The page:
Plainview, Nebraska

Plainview is a city in Pierce County, Nebraska, United States. It is part of the Norfolk, Nebraska Micropolitan Statistical Area. The population was 1,246 at the 2010 census.

Plainview, Nebraska
Plainview Klown Doll Museum
Plainview Klown Doll Museum
Location of Plainview, Nebraska
Location of Plainview, Nebraska
Coordinates: 42°21′10″N 97°47′14″W / 42.35278°N 97.78722°W / 42.35278; -97.78722Coordinates: 42°21′10″N 97°47′14″W / 42.35278°N 97.78722°W / 42.35278; -97.78722
CountryUnited States
StateNebraska
CountyPierce
Government
 • MayorBrian Schlote
Area
 • Total1.08 sq mi (2.80 km2)
 • Land1.08 sq mi (2.80 km2)
 • Water0.00 sq mi (0.00 km2)
Elevation
1,683 ft (513 m)
Population
 (2020)
 • Total1,282
 • Density1,184.84/sq mi (457.36/km2)
Time zoneUTC-6 (Central (CST))
 • Summer (DST)UTC-5 (CDT)
ZIP code
68769
Area code402
FIPS code31-39170[2]
GNIS feature ID0832141[3]
Websitewww.plainview-ne.com

HistoryEdit

The area of Plainview was first settled by William B. Chilvers around 1871. A year later in 1872, the first post office was established. The township was named Roseville after the first Postmaster, Charles Rose. In 1874, after Christian Lerum made a suggestion, the area and the post office were renamed to Plainview. The town of Painveiw was incorporated and officially became Plainview Township in April of 1886.[4]

Plainview was platted in 1880 when the railroad was extended to that point.[5] It took its name after Plainview, Minnesota, and from the scenic landscapes of the surrounding plains.[6][7]

When Plainview was platted in 1880, there were roughly 80 settlers, two churches (one Methodist and one Congregational), one doctor, one drug store, two blacksmiths, two general stores, one hotel, and two agricultural implement dealers. The first school was made out of sod and was organized in 1872. The Bank of Plainview was the first bank in Plainview and was organized in 1884.[8]

GeographyEdit

Plainview is located at 42°21′10″N 97°47′14″W / 42.35278°N 97.78722°W / 42.35278; -97.78722 (42.352729, -97.787239).[9]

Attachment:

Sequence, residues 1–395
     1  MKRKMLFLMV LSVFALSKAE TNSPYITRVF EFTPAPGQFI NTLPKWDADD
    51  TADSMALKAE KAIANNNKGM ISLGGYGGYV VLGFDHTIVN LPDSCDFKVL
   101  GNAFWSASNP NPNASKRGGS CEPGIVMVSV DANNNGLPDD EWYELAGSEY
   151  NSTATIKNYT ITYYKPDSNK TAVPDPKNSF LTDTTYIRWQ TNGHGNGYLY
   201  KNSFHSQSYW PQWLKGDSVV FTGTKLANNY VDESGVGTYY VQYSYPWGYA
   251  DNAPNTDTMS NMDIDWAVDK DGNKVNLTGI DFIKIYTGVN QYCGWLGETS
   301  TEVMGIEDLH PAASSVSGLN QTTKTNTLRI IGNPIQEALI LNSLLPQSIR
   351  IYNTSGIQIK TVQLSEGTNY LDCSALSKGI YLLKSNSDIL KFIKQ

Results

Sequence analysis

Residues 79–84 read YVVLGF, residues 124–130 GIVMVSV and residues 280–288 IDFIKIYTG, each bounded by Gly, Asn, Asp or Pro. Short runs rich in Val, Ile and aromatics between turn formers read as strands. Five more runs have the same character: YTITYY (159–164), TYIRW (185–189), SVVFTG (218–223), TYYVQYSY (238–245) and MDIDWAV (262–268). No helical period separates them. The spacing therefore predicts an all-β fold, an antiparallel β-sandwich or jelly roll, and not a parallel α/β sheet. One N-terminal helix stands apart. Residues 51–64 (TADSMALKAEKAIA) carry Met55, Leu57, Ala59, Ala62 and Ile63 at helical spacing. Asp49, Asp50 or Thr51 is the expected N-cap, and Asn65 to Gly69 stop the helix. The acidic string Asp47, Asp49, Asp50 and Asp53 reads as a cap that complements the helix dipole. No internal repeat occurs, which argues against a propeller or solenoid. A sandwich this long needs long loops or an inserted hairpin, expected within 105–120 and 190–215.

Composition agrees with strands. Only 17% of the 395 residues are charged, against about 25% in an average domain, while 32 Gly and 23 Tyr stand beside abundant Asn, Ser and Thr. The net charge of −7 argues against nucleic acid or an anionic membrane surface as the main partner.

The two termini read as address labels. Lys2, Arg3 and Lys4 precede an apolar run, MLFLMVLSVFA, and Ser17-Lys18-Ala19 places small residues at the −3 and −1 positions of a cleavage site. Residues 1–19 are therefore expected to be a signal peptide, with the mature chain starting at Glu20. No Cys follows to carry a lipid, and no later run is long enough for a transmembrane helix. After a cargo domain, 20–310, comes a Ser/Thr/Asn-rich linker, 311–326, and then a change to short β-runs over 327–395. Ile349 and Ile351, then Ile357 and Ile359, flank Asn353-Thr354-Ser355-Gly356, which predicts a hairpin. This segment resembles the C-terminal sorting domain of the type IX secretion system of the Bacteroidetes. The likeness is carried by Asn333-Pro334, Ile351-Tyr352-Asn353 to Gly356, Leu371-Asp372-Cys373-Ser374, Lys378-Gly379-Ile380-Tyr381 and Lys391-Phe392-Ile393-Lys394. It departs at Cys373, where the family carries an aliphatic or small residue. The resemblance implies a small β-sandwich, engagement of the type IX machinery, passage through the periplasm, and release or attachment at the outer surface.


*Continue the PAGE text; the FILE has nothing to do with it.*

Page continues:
According to the United States Census Bureau, the city has a total area of 1.08 square miles (2.80 km2), all land.[10]

Points of interestEdit

Plainview promotes itself as the "Klown Kapital" of the world, boasting a Klown Festival every June and a Klown Doll Museum with more than 4,500 pieces on display.[11]

Plainview has three structures on the National Register of Historic Places: the Foy George Memorial Band Shell; the Fremont, Elkhorn and Missouri Valley Railroad depot, now serving as the Plainview Historical Museum; and the Carnegie library, still in use as such. The site of Plainview's first sod house is on city land; the city also has two Sears Catalog homes.

The Plainview News is the city's only newspaper.

Plainview is served by an independent telephone company, and has state-of-the-art fiber optics throughout the city. Plainview holds the distinction of being the first city in Nebraska with fiber-optic lines to every resident and business.

The city council is a four-person council with a mayor position. Council members serve four-year terms, with a rotating schedule of term limits. The mayor also recently appointed a city administrator.

Plainview was used as the fictional "Hawthorne" where much of the 2013 film Nebraska takes place.[12]

A volunteer fire department and EMS serves Plainview.[13]

DemographicsEdit

Historical population
Census Pop.
1890375
190060360.8%
191094156.1%
19201,19927.4%
19301,2161.4%
19401,41116.0%
19501,4271.1%
19601,4672.8%
19701,4941.8%
19801,483−0.7%
19901,333−10.1%
20001,3531.5%
20101,246−7.9%
20201,2822.9%
U.S. Decennial Census[14]

2010 censusEdit

At the 2010 census there were 1,246 people in 562 households, including 334 families, in the city. The population density was 1,153.7 inhabitants per square mile (445.4/km2). There were 656 housing units at an average density of 607.4 per square mile (234.5/km2). The racial makeup of the city was 98.2% White, 0.3% African American, 0.2% Native American, 0.2% Asian, 0.6% from other races, and 0.6% from two or more races. Hispanic or Latino people of any race were 1.3%.[15]